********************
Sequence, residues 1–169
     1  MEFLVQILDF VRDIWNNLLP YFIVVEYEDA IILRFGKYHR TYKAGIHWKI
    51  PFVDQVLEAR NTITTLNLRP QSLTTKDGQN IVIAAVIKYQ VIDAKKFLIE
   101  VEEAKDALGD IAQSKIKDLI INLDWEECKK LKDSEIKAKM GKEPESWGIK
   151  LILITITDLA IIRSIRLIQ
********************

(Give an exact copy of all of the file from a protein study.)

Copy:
Sequence, residues 1–169
     1  MEFLVQILDF VRDIWNNLLP YFIVVEYEDA IILRFGKYHR TYKAGIHWKI
    51  PFVDQVLEAR NTITTLNLRP QSLTTKDGQN IVIAAVIKYQ VIDAKKFLIE
   101  VEEAKDALGD IAQSKIKDLI INLDWEECKK LKDSEIKAKM GKEPESWGIK
   151  LILITITDLA IIRSIRLIQ